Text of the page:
Functional design: how to make the `time` combinator more general
Giulio Canti Updated on ăť3 min read
Functional design (6 Part Series)
In the last article I wrote a time
combinator which mimics the analogous Unix command: given an action IO<A>
, we can derive an action IO<A>
that prints to the console the elapsed time
import { IO, io } from 'fpts/lib/IO'
import { now } from 'fpts/lib/Date'
import { log } from 'fpts/lib/Console'
export function time<A>(ma: IO<A>): IO<A> {
return io.chain(now, start =>
io.chain(ma, a => io.chain(now, end => io.map(log(`Elapsed: ${end  start}`), () => a)))
)
}
There are two problems with this combinator though:
 is not flexible, i.e. consumers can't choose what to do with the elapsed time
 works with
IO
only
In this article we'll tackle the first problem.
Adding flexibility by returning the elapsed time
Instead of always logging, we can return the elapsed time along with the computed value
export function time<A>(ma: IO<A>): IO<[A, number]> {
return io.chain(now, start => io.chain(ma, a => io.map(now, end => [a, end  start])))
}
Now a user can choose what to do with the elapsed time by defining its own combinators.
We could still log to the console...
export function withLogging<A>(ma: IO<A>): IO<A> {
return io.chain(time(ma), ([a, millis]) =>
io.map(log(`Result: ${a}, Elapsed: ${millis}`), () => a)
)
}
Usage
import { randomInt } from 'fpts/lib/Random'
function fib(n: number): number {
return n <= 1 ? 1 : fib(n  1) + fib(n  2)
}
const program = withLogging(io.map(randomInt(30, 35), fib))
program()
/*
Result: 14930352, Elapsed: 127
*/
...or just ignore the elapsed time...
export function ignoreSnd<A>(ma: IO<[A, unknown]>): IO<A> {
return io.map(ma, ([a]) => a)
}
...or, for example, only keep the fastest of a non empty list of actions
import { fold, getMeetSemigroup } from 'fpts/lib/Semigroup'
import { contramap, ordNumber } from 'fpts/lib/Ord'
import { getSemigroup } from 'fpts/lib/IO'
export function fastest<A>(head: IO<A>, tail: Array<IO<A>>): IO<A> {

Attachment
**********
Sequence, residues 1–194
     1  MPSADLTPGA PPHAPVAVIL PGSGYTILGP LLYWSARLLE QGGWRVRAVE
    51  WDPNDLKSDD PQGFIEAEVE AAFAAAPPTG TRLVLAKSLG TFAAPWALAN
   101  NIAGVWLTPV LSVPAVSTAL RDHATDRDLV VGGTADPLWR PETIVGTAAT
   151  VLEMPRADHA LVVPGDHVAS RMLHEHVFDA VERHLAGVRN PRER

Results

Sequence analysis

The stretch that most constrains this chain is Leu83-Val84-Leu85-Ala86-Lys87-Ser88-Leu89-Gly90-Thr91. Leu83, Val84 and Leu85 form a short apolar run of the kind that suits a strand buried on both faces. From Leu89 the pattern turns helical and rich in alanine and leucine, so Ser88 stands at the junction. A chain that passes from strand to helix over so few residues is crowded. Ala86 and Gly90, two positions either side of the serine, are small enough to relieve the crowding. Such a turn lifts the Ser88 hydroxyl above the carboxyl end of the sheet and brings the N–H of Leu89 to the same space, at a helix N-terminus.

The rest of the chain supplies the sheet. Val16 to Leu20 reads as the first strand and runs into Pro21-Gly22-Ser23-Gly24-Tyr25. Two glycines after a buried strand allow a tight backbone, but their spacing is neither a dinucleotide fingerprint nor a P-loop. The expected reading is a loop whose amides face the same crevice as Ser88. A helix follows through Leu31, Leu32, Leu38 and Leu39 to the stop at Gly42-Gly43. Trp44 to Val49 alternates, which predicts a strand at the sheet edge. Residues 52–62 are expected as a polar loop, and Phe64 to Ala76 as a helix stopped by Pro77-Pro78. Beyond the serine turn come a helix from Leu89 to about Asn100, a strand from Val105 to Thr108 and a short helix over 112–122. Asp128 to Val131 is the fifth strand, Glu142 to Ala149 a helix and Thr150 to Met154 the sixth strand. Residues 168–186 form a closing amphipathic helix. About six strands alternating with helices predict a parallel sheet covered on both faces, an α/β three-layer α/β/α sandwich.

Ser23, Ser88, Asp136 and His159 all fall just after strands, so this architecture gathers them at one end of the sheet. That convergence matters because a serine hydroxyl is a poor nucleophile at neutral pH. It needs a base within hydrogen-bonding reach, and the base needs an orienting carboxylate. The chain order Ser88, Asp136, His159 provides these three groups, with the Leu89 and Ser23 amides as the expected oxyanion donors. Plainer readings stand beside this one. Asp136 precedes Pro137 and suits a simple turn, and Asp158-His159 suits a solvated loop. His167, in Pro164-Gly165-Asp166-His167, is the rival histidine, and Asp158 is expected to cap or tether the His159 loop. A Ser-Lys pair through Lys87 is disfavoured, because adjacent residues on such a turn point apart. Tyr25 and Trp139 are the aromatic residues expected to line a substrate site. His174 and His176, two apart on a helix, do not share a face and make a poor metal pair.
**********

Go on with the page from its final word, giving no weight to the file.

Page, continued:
const ordTuple = contramap(([_, elapsed]: [A, number]) => elapsed)(ordNumber)
const semigroupTuple = getMeetSemigroup(ordTuple)
const semigroupIO = getSemigroup(semigroupTuple)
const fastest = fold(semigroupIO)(time(head), tail.map(time))
return ignoreSnd(fastest)
}
Usage
io.chain(fastest(program, [program, program]), a => log(`Fastest result is: ${a}`))()
/*
Result: 5702887, Elapsed: 49
Result: 2178309, Elapsed: 20
Result: 5702887, Elapsed: 57
Fastest result is: 2178309
*/
In the next article we'll tackle the second problem by introducing a powerful style of programming: tagless final.
Appendix
The implementation of fastest
is quite dense, let's see the relevant bits:
 its signature ensures that we provide a non empty list of actions
// at least one action v v possibly other actions
function fastest<A>(head: IO<A>, tail: Array<IO<A>>): IO<A>

contramap
is anOrd
combinator: given an instance ofOrd
forT
and a function fromU
toT
, we can derive an instance ofOrd
forU
Here T = number
and U = [A, number]
// from `Ord<number>` to `Ord<[A, number]>`
const ordTuple = contramap(([_, elapsed]: [A, number]) => elapsed)(ordNumber)

getMeetSemigroup
transforms an instance ofOrd<T>
into an instance ofSemigroup<T>
which, when combining two values, returns the smaller.
// from `Ord<[A, number]>` to `Semigroup<[A, number]>`
const semigroupTuple = getMeetSemigroup(ordTuple)

getSemigroup
is aSemigroup
combinator: given an instance ofSemigroup
forT
, we can derive an instance ofSemigroup
forIO<T>
// from `Semigroup<[A, number]>` to `Semigroup<IO<[A, number]>>`
const semigroupIO = getSemigroup(semigroupTuple)

fold
reduces a non empty list of actions using the providedSemigroup
// from a non empty list of `IO<[A, number]>` to `IO<[A, number]>`
const fastest = fold(semigroupIO)(time(head), tail.map(time))
 Finally we ignore the elapsed time and return just the value
// from `IO<[A, number]>` to `IO<A>`
return ignoreSnd(fastest)
Functional design (6 Part Series)